Irish Left Review - Tue May 21, 2013 13:46
Saturday 25 May 2pm
Public RallyThe trade union movement emphatically voted nearly 2-to-1 against CrokePark2. Grassroots members across several trade unions are coming together this Saturday to host a public rally at 2pm in Liberty Hall entitled 'No2CrokePark2 - No2Austerity' to remind the government and others of that vote and that "No Means No!". All are welcome. Please share for your friends.
Donagh Brennan - Mon May 20, 2013 23:41
In my long article in the first issue of Irish Left Review on Ireland?s corporate tax regime I made the point that Ireland in effect sells its abilities to make tax laws to profit hungry MNCs, in much the same way as it sells to the rights to our natural resources to large oil companies. That is, whatever economic benefit there is, and its small, goes to the ?agents? who negotiate the deal, with very little, if any, benefit appearing in the economy. Still, with all the attention being on Google for a while now, there was one fact about the Irish government?s arrangements with the search engine company that I had missed. Recently these arrangements, known as the Double Irish with the Dutch Sandwich have been given a lot of attention and are often explained. For example, see this New York Times info graphic. However, while listening to Jim Stewart?s interview on Morning Ireland last Friday in a conversation about Google?s ?grilling? before the UK?s Public Accounts Committee on taxation, I found out that the ?Dutch Sandwich? is no longer used, and instead Google?s earnings from its EMEA market goes from Google Ireland to Google Ireland Holdings, which is registered in a solicitor?s office at 70 Sir John Rogerson?s Quay and also in Bermuda. So, by passing these to the Bermuda registered company, the earnings go straight to Bermuda. Google Ireland Holdings has no employees and is ?owned? by Google Bermuda which also has no employees. Both are unlimited companies, so under Irish law, they do not have to publish accounts.
Irish Left Review - Mon May 20, 2013 10:50
Ireland?s leading magazine for progressive news, views and solutions ? available in Easons stores and selected newsagents across the country ? 48 pages for just ?2/£1.50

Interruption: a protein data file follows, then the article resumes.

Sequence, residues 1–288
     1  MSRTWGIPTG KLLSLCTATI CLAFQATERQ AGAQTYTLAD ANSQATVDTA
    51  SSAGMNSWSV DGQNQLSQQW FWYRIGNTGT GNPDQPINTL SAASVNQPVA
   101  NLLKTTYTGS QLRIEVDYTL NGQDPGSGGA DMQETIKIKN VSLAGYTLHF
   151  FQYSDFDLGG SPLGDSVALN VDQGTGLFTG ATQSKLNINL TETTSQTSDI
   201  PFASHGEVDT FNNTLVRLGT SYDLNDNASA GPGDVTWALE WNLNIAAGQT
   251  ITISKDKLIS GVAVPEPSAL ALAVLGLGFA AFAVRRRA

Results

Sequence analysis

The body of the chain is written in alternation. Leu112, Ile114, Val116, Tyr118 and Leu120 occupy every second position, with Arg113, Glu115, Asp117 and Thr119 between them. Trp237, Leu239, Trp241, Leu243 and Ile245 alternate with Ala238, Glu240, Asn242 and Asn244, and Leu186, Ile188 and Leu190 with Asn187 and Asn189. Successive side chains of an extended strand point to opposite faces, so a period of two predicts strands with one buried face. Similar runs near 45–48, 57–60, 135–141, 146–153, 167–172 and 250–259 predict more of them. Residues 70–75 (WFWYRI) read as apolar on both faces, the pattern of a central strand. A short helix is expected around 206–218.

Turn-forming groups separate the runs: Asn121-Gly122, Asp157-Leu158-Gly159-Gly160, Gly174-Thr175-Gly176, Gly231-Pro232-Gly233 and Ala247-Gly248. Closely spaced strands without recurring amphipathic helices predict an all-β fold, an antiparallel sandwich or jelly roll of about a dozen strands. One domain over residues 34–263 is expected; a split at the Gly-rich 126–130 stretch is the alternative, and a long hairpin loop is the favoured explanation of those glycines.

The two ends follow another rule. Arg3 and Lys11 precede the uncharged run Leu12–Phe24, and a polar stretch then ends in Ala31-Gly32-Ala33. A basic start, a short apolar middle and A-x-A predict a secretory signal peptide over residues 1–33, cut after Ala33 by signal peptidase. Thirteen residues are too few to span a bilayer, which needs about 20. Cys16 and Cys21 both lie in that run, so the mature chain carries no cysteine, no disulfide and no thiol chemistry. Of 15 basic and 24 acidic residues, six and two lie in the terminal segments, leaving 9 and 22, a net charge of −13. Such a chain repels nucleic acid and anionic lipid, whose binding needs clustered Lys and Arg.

The G8 comes to town:Kevin Squires looks at the impact the 39th G8 summit will have.
Learning Division: Fifteen years ago progressives recognised the signing of the Good Friday Agreement (GFA) as a positive development. However, fears that its structures would allow for communal politics to be institutionalised have been realised particularly in the provision of education, writes Justin O?Hagan.
Mobilising a generation: Young Irish people facing sharply limited opportunities at home or emigration are beginning to mobilise, reports Dara McHugh.
Precious few heroes: With his politically charged songs Dick Gaughan has inspired generations of Left activists, Kevin Brannigan caught up with the veteran Scottish folk singer during his spring tour of Ireland
No turning back from here: The Venezuelan revolution has dramatically changed not only the politics of Latin America also but the globe, reports Paul Dillon.
The tyranny of the credit rating agencies: Democratic accountability is being eroded by credit rating capitalism, writes Srinivas Raghavendra
Of live dogs and dead lions: Following the death of Hugo Chávez, Richard McAleavey assesses the Irish media?s representation of the ormer Venezuelan President.
Calling the bigots bluff: Do anti-choicers want follow through the with the logic of their argument and imprison women, asks Katie Garrett.
Raymond Deane - Fri May 17, 2013 17:46
This was originally published on Raymond Deane's blog, the Deanery on the 16th of May. As everyone knows by now, The Gatekeepers is a 2012 Academy award-nominated documentary film made by the Israeli director Dror Moreh. Moreh succeeded in interviewing the last six heads of Israel?s General Security Services, better known by its Hebrew acronym Shin Bet. These gentlemen display considerable frankness about the nature of their past activities, their belated advocacy of a two-state solution to the Palestine issue and their negative views of successive Israeli governments. It?s not my purpose here to write another review of this much talked-about but surprisingly uncontroversial film. Interesting articles, both of which discuss it in conjunction with the Israeli/Palestinian film 5 Broken Cameras, may be read here and here. Instead, I wish to reflect on some worrisome aspects of the film?s framing and reception in public discourse, and to suggest that its propagandistic effect is dependent on such framing.